Lupus Specialist Quincy MA

While Loren still sees her medical doctor regularly and takes a corticosteroid to control her joint pain, twice-monthly massages have helped increase the range of motion in her joints and decrease pain.

Daniel Sheff
(617) 471-0033
500 Congress St
Quincy, MA
Specialty
Rheumatology

Data Provided by:
Patricia Theresa Hopkins, MD
500 Congress St Ste B1
Quincy, MA
Specialties
Internal Medicine, Rheumatology
Gender
Female
Education
Medical School: Dartmouth Med, Hanover Nh 03755
Graduation Year: 1980

Data Provided by:
Robert Andrew Sands
(781) 849-2265
111 Grossman Dr
Braintree, MA
Specialty
Rheumatology

Data Provided by:
Kenneth M Pariser, MD
(617) 522-1275
110 Ruggles Ln
Milton, MA
Specialties
Internal Medicine, Rheumatology
Gender
Male
Education
Medical School: Albany Med Coll, Albany Ny 12208
Graduation Year: 1974

Data Provided by:
Tuhina Neogi
(617) 638-7460
720 Harrison Ave
Boston, MA
Specialty
Rheumatology

Data Provided by:
Dennis Goldin
(617) 417-0033
500 Congress St
Quincy, MA
Specialty
Rheumatology

Data Provided by:
Peter Bernd Martens, MD
(617) 698-8855
100 Highland St Ste 222
Milton, MA
Specialties
Internal Medicine, Rheumatology
Gender
Male
Education
Medical School: Univ Of Wi Med Sch, Madison Wi 53706
Graduation Year: 1990

Data Provided by:
David Lewis Freeman
(617) 296-0456
2110 Dorchester Ave
Dorchester Center, MA
Specialty
Rheumatology

Data Provided by:
David T Felson
(617) 638-7460
720 Harrison Ave
Boston, MA
Specialty
Rheumatology

Data Provided by:
Robert W Simms
(617) 638-7460
720 Harrison Ave
Boston, MA
Specialty
Rheumatology

Data Provided by:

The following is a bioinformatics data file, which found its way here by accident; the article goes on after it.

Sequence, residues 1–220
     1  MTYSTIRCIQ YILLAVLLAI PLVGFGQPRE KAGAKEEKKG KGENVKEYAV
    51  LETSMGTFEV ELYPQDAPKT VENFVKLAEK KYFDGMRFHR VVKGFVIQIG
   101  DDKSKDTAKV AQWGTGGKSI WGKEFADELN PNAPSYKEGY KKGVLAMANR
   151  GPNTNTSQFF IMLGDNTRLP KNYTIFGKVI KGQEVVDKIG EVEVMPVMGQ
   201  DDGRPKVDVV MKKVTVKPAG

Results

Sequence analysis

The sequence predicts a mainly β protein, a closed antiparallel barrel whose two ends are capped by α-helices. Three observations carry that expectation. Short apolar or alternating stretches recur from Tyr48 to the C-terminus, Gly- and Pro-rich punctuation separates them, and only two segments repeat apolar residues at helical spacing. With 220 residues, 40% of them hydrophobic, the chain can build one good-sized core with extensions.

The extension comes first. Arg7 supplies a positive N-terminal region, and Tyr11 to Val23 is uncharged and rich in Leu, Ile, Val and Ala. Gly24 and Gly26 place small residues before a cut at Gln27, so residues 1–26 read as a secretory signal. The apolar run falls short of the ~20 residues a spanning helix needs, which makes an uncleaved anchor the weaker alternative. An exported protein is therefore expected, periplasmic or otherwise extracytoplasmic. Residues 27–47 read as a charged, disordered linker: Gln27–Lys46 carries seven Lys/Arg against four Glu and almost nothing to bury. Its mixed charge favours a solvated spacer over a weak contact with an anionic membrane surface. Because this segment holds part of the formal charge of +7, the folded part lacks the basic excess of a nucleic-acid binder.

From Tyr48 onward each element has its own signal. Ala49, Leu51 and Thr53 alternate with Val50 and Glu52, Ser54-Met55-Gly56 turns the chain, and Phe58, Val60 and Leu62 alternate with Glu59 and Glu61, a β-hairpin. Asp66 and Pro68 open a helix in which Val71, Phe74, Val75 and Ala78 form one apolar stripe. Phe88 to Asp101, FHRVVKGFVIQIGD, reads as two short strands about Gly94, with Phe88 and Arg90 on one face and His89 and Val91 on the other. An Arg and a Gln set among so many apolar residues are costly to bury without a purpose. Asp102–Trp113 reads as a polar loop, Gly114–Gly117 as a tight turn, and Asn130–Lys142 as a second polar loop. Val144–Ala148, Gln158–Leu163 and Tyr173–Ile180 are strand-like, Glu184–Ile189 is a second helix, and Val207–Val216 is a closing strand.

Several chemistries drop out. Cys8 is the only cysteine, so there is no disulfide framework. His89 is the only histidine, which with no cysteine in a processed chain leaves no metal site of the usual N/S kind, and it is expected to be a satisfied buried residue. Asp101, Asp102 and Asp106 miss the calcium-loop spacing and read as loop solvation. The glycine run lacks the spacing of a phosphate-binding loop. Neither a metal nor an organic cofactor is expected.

Data Provided by:

Alternative Treatments for Lupus

Provided by: 

By Vanessa Selene Williams

For years, Jesse Loren, a 45-year-old high school teacher who lives near Davis, California, battled severe allergies, kidney problems, and unexplained fatigue. In 2004, she was diagnosed with pityriasis, a skin condition characterized by a pink, scaly rash. It wasn’t until December 2007, when she was suffering from intense joint pain and the same rash that wouldn’t go away, that she was diagnosed with lupus, an autoimmune disease. While the exact cause of lupus is unknown, researchers believe that both genetic and environmental factors, such as antibiotics, extreme stress, and hormones, could play a role.

The Conventional RX: Corticosteroids and anti-malarial drugs, which control joint pain and reduce inflammation. But Loren says these drugs came with extreme side effects for her, including mood swings, depression, facial swelling, and weight gain.

The Alternative RX: Massage. While Loren still sees her medical doctor regularly and takes a corticosteroid to control her joint pain, twice-monthly massages have helped increase the range of motion in her joints and decrease pain. “Regular massage increases circulation,” says Margaret G. Green, CMT, a massage therapist in Lawrenceburg, Tennessee. The increased circulation “removes toxins by improving the blood and lymph flow—and this helps control the inflammation associated with lupus.” Massage also helps the body release feel-good endorphins, natural neurotransmitters that interfere with the signals between nerve cells and reduce pain.

The Outcome: Loren is now tapering off of her medication regimen. “Regular massages have lessened my symptoms and also helped me feel more energized,” says Loren. “Even better, I feel more hopeful.”

Author: Vanessa Selene Williams

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